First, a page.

New four-door sedan to take on the 2 Series Gran Coupe is on its way. You’re going to have to be patient – it’s a year away. At least.
I drove the first Audi A3 sedan years ago. It was a good car, like its hatch sibling and spawned the rather excellent RS3 sedan and formed the basis of the RS3 LMS TCR race car. Sleek, sophisticated and tres chic, it sold very well. I reckon if you buy the hatch, you’re nuts.
There’s a new one coming, the 2021 Audi A3 sedan. It’s slightly longer, wider and taller for a bit of extra interior space.
Look and Feel
The car in the photos is, (un)helpfully the top of the line. The new headlights are even more obviously cut into the bumper, it has a bit more of an A7 vibe. It’s quite nice. The lights in shots are the optional Matrix LEDs. The daytime running lights are made of 15 LEDs and make different signature patterns on each model.
Like the old car, it’s a pretty calm sort of thing and fits very nicely in the Audi oeuvre. Some will complain it’s a bit tame, but I reckon it’s just about right. It looks pretty sweet on big wheels, too.
The rear lights are lovely LED units with a 3D lens shape, again like the A7. I’m liking Audi’s new fondness for shapely rear lights.
The new car has a drag co-efficient as low as 0.25, down from 0.29 (in the 2.0-litre TDI, anyway).
Even though these images are way too moody, it looks damn nice in here. The new console has a very Porsche 911 gear selector…uh…tongue?…but it looks pretty good compared to the Zuffenhausen edition.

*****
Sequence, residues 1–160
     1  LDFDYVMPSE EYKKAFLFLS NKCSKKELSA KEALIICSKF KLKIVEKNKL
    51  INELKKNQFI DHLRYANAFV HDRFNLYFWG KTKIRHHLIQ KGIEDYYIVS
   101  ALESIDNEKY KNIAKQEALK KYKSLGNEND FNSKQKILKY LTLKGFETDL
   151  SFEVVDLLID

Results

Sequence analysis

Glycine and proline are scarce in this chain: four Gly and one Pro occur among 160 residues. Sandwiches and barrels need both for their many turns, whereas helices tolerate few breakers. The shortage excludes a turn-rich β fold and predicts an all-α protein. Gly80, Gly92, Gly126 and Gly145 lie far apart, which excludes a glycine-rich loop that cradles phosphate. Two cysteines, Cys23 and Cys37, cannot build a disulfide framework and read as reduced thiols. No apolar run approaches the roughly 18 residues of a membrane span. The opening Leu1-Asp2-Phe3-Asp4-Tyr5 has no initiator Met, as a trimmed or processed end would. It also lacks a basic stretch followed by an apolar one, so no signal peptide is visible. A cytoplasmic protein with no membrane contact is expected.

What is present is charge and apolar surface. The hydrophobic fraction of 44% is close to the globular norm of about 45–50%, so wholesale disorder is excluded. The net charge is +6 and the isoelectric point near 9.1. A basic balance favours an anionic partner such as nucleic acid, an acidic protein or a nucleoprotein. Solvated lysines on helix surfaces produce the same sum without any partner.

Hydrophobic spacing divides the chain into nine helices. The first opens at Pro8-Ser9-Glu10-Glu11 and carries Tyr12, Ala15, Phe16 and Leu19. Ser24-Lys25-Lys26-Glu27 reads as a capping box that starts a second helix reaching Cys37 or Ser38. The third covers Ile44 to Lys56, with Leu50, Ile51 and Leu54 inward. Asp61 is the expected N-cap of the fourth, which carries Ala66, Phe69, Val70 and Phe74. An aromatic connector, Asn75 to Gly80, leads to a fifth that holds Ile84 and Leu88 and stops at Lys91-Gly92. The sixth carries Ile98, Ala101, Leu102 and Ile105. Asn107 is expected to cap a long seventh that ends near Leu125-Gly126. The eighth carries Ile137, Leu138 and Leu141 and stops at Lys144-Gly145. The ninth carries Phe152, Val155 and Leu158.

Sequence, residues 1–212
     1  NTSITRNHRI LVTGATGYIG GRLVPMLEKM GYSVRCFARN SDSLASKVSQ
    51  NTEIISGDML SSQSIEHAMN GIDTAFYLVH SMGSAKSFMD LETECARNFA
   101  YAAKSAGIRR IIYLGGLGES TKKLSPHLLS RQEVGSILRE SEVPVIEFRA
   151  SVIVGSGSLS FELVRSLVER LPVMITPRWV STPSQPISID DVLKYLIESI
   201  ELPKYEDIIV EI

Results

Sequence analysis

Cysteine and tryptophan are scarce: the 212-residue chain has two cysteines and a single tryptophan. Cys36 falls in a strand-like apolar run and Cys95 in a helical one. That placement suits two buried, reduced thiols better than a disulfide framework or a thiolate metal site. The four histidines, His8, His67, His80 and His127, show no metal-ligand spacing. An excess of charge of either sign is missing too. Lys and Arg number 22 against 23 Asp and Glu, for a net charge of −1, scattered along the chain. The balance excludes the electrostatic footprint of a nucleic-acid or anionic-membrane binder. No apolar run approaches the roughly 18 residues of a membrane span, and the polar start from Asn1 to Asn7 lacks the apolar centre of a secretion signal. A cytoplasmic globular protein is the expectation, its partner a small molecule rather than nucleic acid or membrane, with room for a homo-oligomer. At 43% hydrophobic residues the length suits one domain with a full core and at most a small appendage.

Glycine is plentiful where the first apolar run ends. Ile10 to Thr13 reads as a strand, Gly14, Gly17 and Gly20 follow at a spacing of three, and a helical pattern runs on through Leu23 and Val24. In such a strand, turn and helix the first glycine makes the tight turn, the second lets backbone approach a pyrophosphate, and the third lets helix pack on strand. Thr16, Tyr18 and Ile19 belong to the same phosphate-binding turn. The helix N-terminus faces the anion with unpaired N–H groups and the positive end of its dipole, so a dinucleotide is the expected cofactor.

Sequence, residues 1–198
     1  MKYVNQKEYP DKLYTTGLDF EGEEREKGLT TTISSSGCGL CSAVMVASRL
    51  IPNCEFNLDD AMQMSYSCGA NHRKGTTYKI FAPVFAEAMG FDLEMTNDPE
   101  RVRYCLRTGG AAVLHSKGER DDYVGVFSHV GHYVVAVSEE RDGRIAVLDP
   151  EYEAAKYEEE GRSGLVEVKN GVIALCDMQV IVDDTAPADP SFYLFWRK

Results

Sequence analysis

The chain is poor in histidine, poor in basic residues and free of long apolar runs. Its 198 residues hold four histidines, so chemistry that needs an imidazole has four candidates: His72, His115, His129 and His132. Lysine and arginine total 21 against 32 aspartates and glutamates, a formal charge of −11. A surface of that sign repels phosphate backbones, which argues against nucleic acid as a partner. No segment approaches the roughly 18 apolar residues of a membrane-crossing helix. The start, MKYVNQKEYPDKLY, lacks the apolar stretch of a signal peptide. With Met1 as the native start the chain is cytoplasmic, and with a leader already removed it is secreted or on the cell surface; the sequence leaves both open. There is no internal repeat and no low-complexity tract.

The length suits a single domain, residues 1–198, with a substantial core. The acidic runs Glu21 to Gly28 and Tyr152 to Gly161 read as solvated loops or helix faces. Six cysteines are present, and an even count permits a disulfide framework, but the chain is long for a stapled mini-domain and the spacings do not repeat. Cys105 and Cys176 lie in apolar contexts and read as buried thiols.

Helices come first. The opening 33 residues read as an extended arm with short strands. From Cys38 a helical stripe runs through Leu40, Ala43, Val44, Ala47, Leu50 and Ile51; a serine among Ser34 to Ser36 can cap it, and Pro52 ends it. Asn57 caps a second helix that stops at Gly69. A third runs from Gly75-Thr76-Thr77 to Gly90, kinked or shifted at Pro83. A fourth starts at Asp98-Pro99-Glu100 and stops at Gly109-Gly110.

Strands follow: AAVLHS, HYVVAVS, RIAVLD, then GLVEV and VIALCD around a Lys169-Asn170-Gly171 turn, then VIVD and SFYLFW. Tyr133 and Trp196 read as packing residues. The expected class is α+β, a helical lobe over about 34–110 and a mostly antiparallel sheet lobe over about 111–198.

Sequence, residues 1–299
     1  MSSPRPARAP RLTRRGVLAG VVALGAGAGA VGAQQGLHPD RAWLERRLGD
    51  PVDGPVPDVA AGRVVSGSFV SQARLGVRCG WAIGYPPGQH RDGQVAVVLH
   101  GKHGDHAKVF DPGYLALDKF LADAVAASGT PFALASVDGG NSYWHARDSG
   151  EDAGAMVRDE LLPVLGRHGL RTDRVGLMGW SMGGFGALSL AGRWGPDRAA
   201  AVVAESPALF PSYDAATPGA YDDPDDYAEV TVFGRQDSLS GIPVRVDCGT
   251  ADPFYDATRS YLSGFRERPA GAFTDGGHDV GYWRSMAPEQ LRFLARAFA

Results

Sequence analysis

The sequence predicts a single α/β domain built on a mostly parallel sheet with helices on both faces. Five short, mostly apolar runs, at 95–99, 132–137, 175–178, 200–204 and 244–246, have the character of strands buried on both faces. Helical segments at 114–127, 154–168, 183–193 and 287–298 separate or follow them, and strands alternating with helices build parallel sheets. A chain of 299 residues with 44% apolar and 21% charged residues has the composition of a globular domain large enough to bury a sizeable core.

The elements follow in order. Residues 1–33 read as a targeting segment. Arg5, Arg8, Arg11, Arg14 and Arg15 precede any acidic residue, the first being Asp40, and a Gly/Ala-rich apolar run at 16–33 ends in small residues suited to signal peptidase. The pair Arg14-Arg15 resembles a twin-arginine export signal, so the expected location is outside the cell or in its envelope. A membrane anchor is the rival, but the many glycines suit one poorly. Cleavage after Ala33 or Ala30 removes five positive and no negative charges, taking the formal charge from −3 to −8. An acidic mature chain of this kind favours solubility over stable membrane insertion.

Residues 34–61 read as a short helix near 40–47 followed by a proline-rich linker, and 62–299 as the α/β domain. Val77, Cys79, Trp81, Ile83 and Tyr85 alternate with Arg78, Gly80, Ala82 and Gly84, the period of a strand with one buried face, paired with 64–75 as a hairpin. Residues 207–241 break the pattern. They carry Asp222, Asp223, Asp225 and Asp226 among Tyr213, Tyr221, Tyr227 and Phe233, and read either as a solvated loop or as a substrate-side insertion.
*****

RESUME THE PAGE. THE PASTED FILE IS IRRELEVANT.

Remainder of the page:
As ever, the finishes look pretty amazing.
Like the A1, all dashboards are digital with the option to step up to the 12.3-inch (up from 10.25-inch) Virtual Cockpit.
Audi says that due to the car’s extra centimetre of height (143cm) and a lower front seat position has delivered an extra 2cm of headroom. Not sure it needed it, but why not eh?
The boot is still 425 litres, which is pretty impressive and really not that far off the A4’s.
At launch, there will be two engines, a petrol and a diesel. It’s unlikely Audi Australia has chosen which ones we get, but my money is not on the diesel.
The 35TFSI is available with a six-speed manual (unlikely we’ll get that) and delivers 110kW. Displacing just 1.5-litres, the manual uses 5.0L/100km on the European combined cycle.
The car we’ll most likely get is the 35 TFSI with seven-speed twin-clutch. This has a 48-volt mild hybrid system that can boost torque by 50Nm for a few seconds. Fuel use is down to 4.5L/100km on the same combined cycle.
The diesel 2.0-litre TDI is also a 110kW unit with a seven-speed twin-clutch only.
How much and when?
Audi says we’ll have to wait for further information and the cars will be here sometime in the first half of 2021. At least we’ll have the new Sportback before then.
Peter Anderson is the Editor and founder of the theredline.com.au. He’s been writing about cars for years and finds it difficult to talk about anything else.